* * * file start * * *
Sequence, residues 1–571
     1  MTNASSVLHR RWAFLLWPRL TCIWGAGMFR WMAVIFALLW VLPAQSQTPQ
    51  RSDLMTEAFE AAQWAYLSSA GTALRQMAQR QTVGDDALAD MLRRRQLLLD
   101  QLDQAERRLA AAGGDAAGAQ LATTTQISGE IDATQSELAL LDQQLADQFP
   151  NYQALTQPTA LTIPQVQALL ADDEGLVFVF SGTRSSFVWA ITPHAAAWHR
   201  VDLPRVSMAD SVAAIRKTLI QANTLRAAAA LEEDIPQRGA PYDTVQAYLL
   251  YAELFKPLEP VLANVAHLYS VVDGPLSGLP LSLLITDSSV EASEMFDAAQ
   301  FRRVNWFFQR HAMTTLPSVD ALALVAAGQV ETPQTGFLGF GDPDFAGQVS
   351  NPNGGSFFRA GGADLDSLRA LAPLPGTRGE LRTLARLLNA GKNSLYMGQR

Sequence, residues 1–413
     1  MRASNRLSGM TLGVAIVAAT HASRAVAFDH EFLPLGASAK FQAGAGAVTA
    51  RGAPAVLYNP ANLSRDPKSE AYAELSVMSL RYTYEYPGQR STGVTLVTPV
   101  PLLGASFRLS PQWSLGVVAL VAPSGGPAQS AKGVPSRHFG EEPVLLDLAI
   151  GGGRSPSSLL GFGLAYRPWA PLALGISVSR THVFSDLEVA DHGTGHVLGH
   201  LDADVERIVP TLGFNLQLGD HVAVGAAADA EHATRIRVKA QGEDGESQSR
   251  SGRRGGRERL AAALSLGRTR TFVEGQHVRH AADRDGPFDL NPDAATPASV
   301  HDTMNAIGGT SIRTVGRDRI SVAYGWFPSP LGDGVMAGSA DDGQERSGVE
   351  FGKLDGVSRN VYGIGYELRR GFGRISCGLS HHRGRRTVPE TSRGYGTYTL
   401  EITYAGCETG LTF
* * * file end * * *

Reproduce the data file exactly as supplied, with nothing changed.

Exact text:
Sequence, residues 1–571
     1  MTNASSVLHR RWAFLLWPRL TCIWGAGMFR WMAVIFALLW VLPAQSQTPQ
    51  RSDLMTEAFE AAQWAYLSSA GTALRQMAQR QTVGDDALAD MLRRRQLLLD
   101  QLDQAERRLA AAGGDAAGAQ LATTTQISGE IDATQSELAL LDQQLADQFP
   151  NYQALTQPTA LTIPQVQALL ADDEGLVFVF SGTRSSFVWA ITPHAAAWHR
   201  VDLPRVSMAD SVAAIRKTLI QANTLRAAAA LEEDIPQRGA PYDTVQAYLL
   251  YAELFKPLEP VLANVAHLYS VVDGPLSGLP LSLLITDSSV EASEMFDAAQ
   301  FRRVNWFFQR HAMTTLPSVD ALALVAAGQV ETPQTGFLGF GDPDFAGQVS
   351  NPNGGSFFRA GGADLDSLRA LAPLPGTRGE LRTLARLLNA GKNSLYMGQR

Sequence, residues 1–413
     1  MRASNRLSGM TLGVAIVAAT HASRAVAFDH EFLPLGASAK FQAGAGAVTA
    51  RGAPAVLYNP ANLSRDPKSE AYAELSVMSL RYTYEYPGQR STGVTLVTPV
   101  PLLGASFRLS PQWSLGVVAL VAPSGGPAQS AKGVPSRHFG EEPVLLDLAI
   151  GGGRSPSSLL GFGLAYRPWA PLALGISVSR THVFSDLEVA DHGTGHVLGH
   201  LDADVERIVP TLGFNLQLGD HVAVGAAADA EHATRIRVKA QGEDGESQSR
   251  SGRRGGRERL AAALSLGRTR TFVEGQHVRH AADRDGPFDL NPDAATPASV
   301  HDTMNAIGGT SIRTVGRDRI SVAYGWFPSP LGDGVMAGSA DDGQERSGVE
   351  FGKLDGVSRN VYGIGYELRR GFGRISCGLS HHRGRRTVPE TSRGYGTYTL
   401  EITYAGCETG LTF